Speaking of live entertainment, the Dietrich Theater Radio Players will be back on Tuesday, June 3 at 7:00 p.m. for an evening of radio theatre.  You are invited to go back with us to those days when radio was king for “Fibber McGee Gets His Hand Caught in a Bottle”, Jack Benny’s High Noon and Haunt Me a House.  This show will be performed by a sixteen-member community cast and will include live sound effects.  The performance will be followed by a light reception.  The group seems to get better with every performance so I know we are in for a real treat.  Admission is free.  Tickets will be available at the door or they can be reserved by calling 570-996-1500. 
Then on Sunday, June 8th at 3:00 p.m., historian Ed McMullen will be at the Dietrich for a special presentation Remembering D-Day.  Seventy years ago, on June 6, 1944, 156,000 allied troops, 5,000 ships, 50,000 vehicles and 11,000 planes embarked on an invasion of Hitler’s Europe.  By the end of the day, there were 10,000 Allied casualties and somewhere between 4,000 and 9,000 for the Germans.  The beaches at Normandy were secured, and it was the beginning of the end of World War II.  During this free presentation, Ed will help us recall the events of that day and help us remember and honor those who served and paid the ultimate sacrifice at Normandy.  The lecture will be preceded by an Honor Guard ceremony performed by Tunkhannock’s American Legion. For more information or to reserve your free tickets, please the Dietrich at 570-996-1500.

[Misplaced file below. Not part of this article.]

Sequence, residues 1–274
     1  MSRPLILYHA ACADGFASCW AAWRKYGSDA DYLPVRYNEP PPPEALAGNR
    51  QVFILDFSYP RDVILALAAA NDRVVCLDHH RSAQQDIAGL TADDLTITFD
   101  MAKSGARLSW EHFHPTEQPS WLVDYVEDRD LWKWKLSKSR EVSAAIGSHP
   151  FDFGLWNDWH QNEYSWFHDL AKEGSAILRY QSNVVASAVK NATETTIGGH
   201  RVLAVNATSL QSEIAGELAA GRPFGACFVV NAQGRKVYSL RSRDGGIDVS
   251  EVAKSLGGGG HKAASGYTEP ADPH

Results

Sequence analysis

During June, you will also have the opportunity to experience local history at the Dietrich through a special exhibit from the Wyoming County Historical Society.  See recently acquired documents that separated Wyoming County from Luzerne County in 1842.  Discovered in a private collection in New York state, these documents provide a glimpse of our county’s beginnings. 
60 E. Tioga St. | Tunkhannock, PA 18657 US